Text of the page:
The beret is used in the various armed forces of Thailand. The colours used are:
- Maroon - Paratroops, Special Forces
- Khaki green - Army Reserve Force students
- Black - all other Army units}, Airforce, Paramilitary force (Tahan Phran), Paratroop Police, Border Patrol Police
- Camouflage - Royal Thai Marine Corps
- Light blue - UN Missions
The black beret is also worn by ordinary police in certain situations.
The British Army were the first to adopt modern-style berets as part of their uniform. In 1918, the French 70th Chasseurs Alpins were training with the British Tank Corps. The Chasseurs Alpins wore a distinctive large beret and Major-General Sir Hugh Elles, the TC's Colonel, realised that the beret would be practical headwear for his tank crews, forced to move in a reduced space. He thought, however, that the Chasseur beret was "too sloppy" and the Basque style beret of the French tank crews was "too skimpy", so a compromise based on the Scottish tam o'shanter was designed and submitted for the approval of George V in November 1923. It was adopted in March 1924.
Today, every British military unit wears a beret, with the exception of Scottish and Irish infantry regiments, who wear the tam o'shanter and the caubeen respectively. Many of these berets are in distinctive colours and all are worn with the cap badge of the service, regiment or corps.
The colours are as follows:
- Khaki - Foot Guards, Household Cavalry, Honourable Artillery Company, Princess of Wales's Royal Regiment, Royal Anglian Regiment, Green Howards
- Light grey - Royal Scots Dragoon Guards, Queen Alexandra's Royal Army Nursing Corps
- Brown - King's Royal Hussars
- Black - Royal Tank Regiment
- Dark (Rifle) green - Light Infantry, Royal Green Jackets, Royal Gurkha Rifles
- Maroon - Parachute Regiment, other troops serving in airborne role
- Beige - Special Air Service
- Sky blue - Army Air Corps
- Grass green - Intelligence Corps
- Scarlet - Royal Military Police
- Green - Adjutant General's Corps
- Navy blue - all other Army units, Royal Navy, Royal Marines Band Service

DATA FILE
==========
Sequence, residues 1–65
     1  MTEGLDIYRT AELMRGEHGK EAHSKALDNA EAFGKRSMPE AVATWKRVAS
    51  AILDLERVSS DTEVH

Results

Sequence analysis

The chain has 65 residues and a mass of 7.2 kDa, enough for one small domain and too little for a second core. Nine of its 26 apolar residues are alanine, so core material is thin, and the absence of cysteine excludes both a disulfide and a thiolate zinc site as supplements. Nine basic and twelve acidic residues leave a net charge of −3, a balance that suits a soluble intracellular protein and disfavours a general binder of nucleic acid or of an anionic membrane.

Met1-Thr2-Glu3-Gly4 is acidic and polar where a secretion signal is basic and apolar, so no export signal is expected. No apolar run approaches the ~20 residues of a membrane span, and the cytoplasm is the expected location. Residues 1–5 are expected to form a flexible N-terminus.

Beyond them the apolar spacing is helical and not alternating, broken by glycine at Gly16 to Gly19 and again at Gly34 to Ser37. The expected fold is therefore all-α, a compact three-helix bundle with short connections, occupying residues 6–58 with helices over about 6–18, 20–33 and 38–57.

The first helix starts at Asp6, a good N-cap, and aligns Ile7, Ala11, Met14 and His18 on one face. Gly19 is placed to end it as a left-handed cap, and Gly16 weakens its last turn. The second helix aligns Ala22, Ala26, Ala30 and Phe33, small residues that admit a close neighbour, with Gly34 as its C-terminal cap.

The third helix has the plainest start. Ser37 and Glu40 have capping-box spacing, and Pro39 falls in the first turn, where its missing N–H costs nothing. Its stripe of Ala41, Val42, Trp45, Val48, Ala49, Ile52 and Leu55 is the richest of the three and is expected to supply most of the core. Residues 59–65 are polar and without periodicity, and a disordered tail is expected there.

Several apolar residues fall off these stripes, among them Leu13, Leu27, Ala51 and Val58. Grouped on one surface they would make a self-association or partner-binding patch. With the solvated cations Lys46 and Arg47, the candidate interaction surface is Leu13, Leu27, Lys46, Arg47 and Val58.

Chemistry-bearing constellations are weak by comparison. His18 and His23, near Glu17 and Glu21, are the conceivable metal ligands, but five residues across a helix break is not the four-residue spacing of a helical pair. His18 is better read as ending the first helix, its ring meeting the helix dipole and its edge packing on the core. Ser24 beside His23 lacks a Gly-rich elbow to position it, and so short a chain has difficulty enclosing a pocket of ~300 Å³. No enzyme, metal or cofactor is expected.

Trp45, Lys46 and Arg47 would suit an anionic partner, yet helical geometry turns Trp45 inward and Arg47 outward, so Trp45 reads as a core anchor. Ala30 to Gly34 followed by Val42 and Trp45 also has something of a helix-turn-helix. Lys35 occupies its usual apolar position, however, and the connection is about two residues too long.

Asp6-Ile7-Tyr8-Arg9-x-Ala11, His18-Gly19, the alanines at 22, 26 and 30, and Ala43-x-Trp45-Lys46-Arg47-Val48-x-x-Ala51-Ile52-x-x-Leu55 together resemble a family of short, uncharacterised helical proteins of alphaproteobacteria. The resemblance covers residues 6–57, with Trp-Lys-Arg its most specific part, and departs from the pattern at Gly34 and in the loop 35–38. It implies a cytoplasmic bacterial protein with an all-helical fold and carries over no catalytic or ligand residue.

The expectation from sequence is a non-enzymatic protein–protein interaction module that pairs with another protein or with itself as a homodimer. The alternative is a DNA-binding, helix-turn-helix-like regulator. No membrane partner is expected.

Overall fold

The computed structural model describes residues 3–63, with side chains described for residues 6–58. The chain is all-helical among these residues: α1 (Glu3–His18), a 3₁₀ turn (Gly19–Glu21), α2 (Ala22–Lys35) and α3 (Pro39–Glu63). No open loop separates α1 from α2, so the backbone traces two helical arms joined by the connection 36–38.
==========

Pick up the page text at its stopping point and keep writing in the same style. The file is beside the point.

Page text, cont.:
- Commando green - Royal Marines (except Band Service), other commando-qualified troops
- RAF blue - Royal Air Force (including RAF Regiment)
The Royal Tank Regiment, Army Air Corps, Parachute Regiment and SAS never wear any other form of uniform headgear except the beret (i.e. they do not wear peaked caps). Troops from other services, regiments or corps on attachment to units with distinctive coloured berets often wear those berets (with their own cap badge). Colonels, brigadiers and generals usually continue to wear the beret of the regiment or corps to which they used to belong with the cap badge distinctive to their rank. The Royal Regiment of Fusiliers and Royal Welch Fusiliers wear a coloured feather hackle on the beret.
The United States Army Special Forces are generally known as "green berets" for the color of their headgear. Other US Army units can also be distinguished by the color of their headgear, as follows:
- Green - Special Forces
- Brown - Rangers
- Maroon - paratroopers
- Black - all other US Army units
Berets were originally worn only by elite units of the US Army. Hence, there was controversy when in 2001 the United States Army adopted the black beret, previously reserved for the Rangers, as standard headgear for all army units. The Rangers are now distinguished by brown berets.
In the United States Air Force, the uniform of security police personnel includes a dark blue beret.
|The above article is licensed under the GNU Free Documentation License. From Wikipedia, the free encyclopedia http://en.wikipedia.org/wiki/beret 1/31/05|